Finland and Sweden to join NATO despite threats from Turkey and Russia

NATO Secretary-General Jens Stoltenberg and Sweden's Ambassador to NATO Axel Wernhoff shake hands during a ceremony to mark Sweden's and Finland's application for membership in Brussels, Belgium, May 18, 2022. REUTERS/Johanna Geron/Pool

On Wednesday, NATO Secretary-General Jens Stoltenberg stated that the military alliance is prepared to grab a historic opportunity and swiftly allow Finland and Sweden to join its ranks after the submission of membership petitions by the two nations.

The official petitions submitted by the ambassadors of Finland and Sweden to NATO set the security clock in motion. Russia, whose war on Ukraine prompted Ukraine's decision to join the military group, has warned that it would oppose such a move and would respond accordingly.

"I enthusiastically welcome Finland and Sweden's requests to join NATO. You are our closest partners," Stoltenberg stated. "All allies concur on the significance of NATO expansion. We are all in agreement that we must stand united and that we must grab this historic opportunity."

"This is a good day at a crucial time for our security," Stoltenberg exclaimed as he stood with the two envoys with the NATO, Finnish, and Swedish flags behind them.

Several NATO partners, led by the United States and the United Kingdom, have declared their readiness to provide security support to Finland and Sweden should Russian President Vladimir Putin attempt to provoke or destabilize them when it takes to become full members.

Article 5 of NATO's founding treaty states that any assault on one member is considered an attack on all and will not apply to the countries until the membership ratification process is complete, likely occurring within a few months.

The move is one of the war's most significant geopolitical repercussions and will redraw Europe's security map. Boris Johnson, the British prime minister, praised the action in a tweet, stating that "Putin's appalling ambitions have altered the geopolitical contours of our continent."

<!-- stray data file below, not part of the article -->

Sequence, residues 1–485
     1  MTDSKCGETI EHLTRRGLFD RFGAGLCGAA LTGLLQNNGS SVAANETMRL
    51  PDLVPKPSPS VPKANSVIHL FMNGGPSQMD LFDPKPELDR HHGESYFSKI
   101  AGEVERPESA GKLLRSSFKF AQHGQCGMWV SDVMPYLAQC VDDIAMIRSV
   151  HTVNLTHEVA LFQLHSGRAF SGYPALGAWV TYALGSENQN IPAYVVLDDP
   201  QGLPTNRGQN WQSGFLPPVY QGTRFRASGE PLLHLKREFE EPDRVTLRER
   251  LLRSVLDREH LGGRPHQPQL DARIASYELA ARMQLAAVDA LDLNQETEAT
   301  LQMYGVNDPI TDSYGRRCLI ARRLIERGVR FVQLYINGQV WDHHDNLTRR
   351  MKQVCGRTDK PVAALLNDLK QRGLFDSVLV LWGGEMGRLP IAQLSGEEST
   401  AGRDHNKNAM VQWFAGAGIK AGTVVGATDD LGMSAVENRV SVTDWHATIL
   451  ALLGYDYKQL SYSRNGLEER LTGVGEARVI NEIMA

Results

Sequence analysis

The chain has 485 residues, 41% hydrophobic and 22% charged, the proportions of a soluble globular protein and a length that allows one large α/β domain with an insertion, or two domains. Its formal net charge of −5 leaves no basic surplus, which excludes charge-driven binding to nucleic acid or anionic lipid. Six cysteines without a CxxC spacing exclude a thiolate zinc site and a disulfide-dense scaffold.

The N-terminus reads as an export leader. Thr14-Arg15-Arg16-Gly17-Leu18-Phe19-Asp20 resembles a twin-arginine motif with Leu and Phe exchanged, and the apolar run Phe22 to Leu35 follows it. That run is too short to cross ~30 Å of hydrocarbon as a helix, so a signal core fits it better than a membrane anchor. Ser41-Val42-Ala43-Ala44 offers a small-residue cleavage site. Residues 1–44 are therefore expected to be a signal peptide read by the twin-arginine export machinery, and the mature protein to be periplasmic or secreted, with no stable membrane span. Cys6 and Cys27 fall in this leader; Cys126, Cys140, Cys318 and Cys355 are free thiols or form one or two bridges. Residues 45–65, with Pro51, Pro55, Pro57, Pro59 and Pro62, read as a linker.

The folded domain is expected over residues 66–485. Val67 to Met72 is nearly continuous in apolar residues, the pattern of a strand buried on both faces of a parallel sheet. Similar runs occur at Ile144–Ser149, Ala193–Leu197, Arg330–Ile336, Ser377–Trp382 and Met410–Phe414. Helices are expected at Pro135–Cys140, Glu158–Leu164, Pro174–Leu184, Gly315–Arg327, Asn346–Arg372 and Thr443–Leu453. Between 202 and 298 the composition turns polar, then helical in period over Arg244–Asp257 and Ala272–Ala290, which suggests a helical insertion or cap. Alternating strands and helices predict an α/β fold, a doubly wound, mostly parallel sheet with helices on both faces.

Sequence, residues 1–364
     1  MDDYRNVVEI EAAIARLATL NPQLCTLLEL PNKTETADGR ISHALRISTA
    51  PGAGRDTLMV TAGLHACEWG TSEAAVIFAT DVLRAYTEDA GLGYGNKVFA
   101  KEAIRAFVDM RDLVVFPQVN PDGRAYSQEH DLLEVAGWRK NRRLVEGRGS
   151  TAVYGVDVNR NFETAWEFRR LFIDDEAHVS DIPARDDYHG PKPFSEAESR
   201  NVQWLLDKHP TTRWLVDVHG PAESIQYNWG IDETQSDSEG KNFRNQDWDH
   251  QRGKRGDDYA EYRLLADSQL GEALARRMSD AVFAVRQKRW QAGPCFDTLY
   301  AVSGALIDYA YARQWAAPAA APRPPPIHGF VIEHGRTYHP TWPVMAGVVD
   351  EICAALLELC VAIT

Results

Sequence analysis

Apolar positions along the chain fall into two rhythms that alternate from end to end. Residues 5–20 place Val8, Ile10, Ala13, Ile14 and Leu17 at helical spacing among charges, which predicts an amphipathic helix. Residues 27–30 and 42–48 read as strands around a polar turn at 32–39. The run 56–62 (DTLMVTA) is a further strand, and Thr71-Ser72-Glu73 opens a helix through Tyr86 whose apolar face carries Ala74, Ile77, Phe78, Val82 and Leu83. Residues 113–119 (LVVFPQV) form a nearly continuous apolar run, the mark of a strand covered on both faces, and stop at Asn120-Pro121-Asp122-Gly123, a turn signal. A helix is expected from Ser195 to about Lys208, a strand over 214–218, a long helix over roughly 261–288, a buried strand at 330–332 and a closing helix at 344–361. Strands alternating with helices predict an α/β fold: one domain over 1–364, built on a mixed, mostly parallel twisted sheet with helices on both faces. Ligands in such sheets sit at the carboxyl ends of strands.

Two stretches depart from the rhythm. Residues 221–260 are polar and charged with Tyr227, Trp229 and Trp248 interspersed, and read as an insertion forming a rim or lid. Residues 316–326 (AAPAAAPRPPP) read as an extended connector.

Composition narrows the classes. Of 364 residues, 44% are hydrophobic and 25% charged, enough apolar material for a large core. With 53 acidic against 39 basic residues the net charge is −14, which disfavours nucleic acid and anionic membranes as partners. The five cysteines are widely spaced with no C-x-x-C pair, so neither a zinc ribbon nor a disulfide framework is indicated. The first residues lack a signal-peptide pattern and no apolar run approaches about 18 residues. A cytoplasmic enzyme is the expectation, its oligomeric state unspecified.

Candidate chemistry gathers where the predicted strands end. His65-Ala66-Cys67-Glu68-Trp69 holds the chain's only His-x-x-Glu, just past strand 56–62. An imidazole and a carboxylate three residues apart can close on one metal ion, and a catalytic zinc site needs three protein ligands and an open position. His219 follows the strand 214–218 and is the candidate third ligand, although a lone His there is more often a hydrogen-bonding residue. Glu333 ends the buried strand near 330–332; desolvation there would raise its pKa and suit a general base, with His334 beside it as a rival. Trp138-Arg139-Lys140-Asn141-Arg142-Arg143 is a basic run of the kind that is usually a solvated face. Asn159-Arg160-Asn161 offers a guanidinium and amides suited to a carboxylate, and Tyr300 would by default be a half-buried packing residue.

However, the application must be evaluated by the 30 member states. This procedure is anticipated to take approximately two weeks. However, Turkish President Recep Tayyip Erdogan has raised doubts about Finland and Sweden's membership.

If his objections are overcome, and accession talks proceed as anticipated, the two countries might soon become members of the union. The procedure typically takes eight to twelve months, but NATO wants to move swiftly due to the threat posed by Russia to the Nordic countries.

In the Baltic region, Estonian Prime Minister Kaja Kallas tweeted, "I welcome a quick accession process. We in Estonia will act expeditiously."

Stoltenberg stated that NATO countries are "committed to addressing all issues and reaching swift resolutions."

Because the Nordic partners applied jointly, they will not waste time ratifying each other's membership applications.

"The fact that Sweden and Finland work together is a strength. Now, entering the discussions continues, Swedish Foreign Minister Ann Linde told the Swedish news agency TT.

Approval in the Baltic states of Estonia, Latvia, and Lithuania should come quickly. Wednesday, their respective prime ministers released a joint statement in which they "fully endorse and warmly welcome the historic decisions" made in Helsinki and Stockholm.

Since Russia invaded Ukraine on February 24, public opinion in Finland and Sweden has dramatically swung in favor of membership.

Sweden and Finland work closely with NATO. They have functional democracies, well-funded armed forces, and participate in the alliance's military operations and air policing. The only barriers they will confront will be technological or potentially political.

The NATO membership procedure is not standardized, and its methods vary. However, their petitions to join will first be reviewed by the North Atlantic Council (NAC) of the 30 member nations, most likely at the ambassadorial level.

The NAC will decide whether to pursue membership and what procedures are necessary. This primarily hinges on how closely aligned the candidate nations are with NATO's political, military, and legal requirements and whether or not they contribute to the security of the North Atlantic region. This should not represent a significant difficulty for Finland and Sweden.

Moving forward, during accession talks that could be concluded in a single day once the terms of those negotiations have been established, the two will be asked to commit to upholding Article 5 and meeting spending obligations regarding the NATO in-house budget, which totals approximately $2.5 billion and would be proportionally divided among 32 member states.

Additionally, Finland and Sweden would be informed of their involvement in NATO defense planning and of any other legal or security requirements they may have, such as personnel screening and handling of confidential material.

Publish : 2022-05-18 19:41:00

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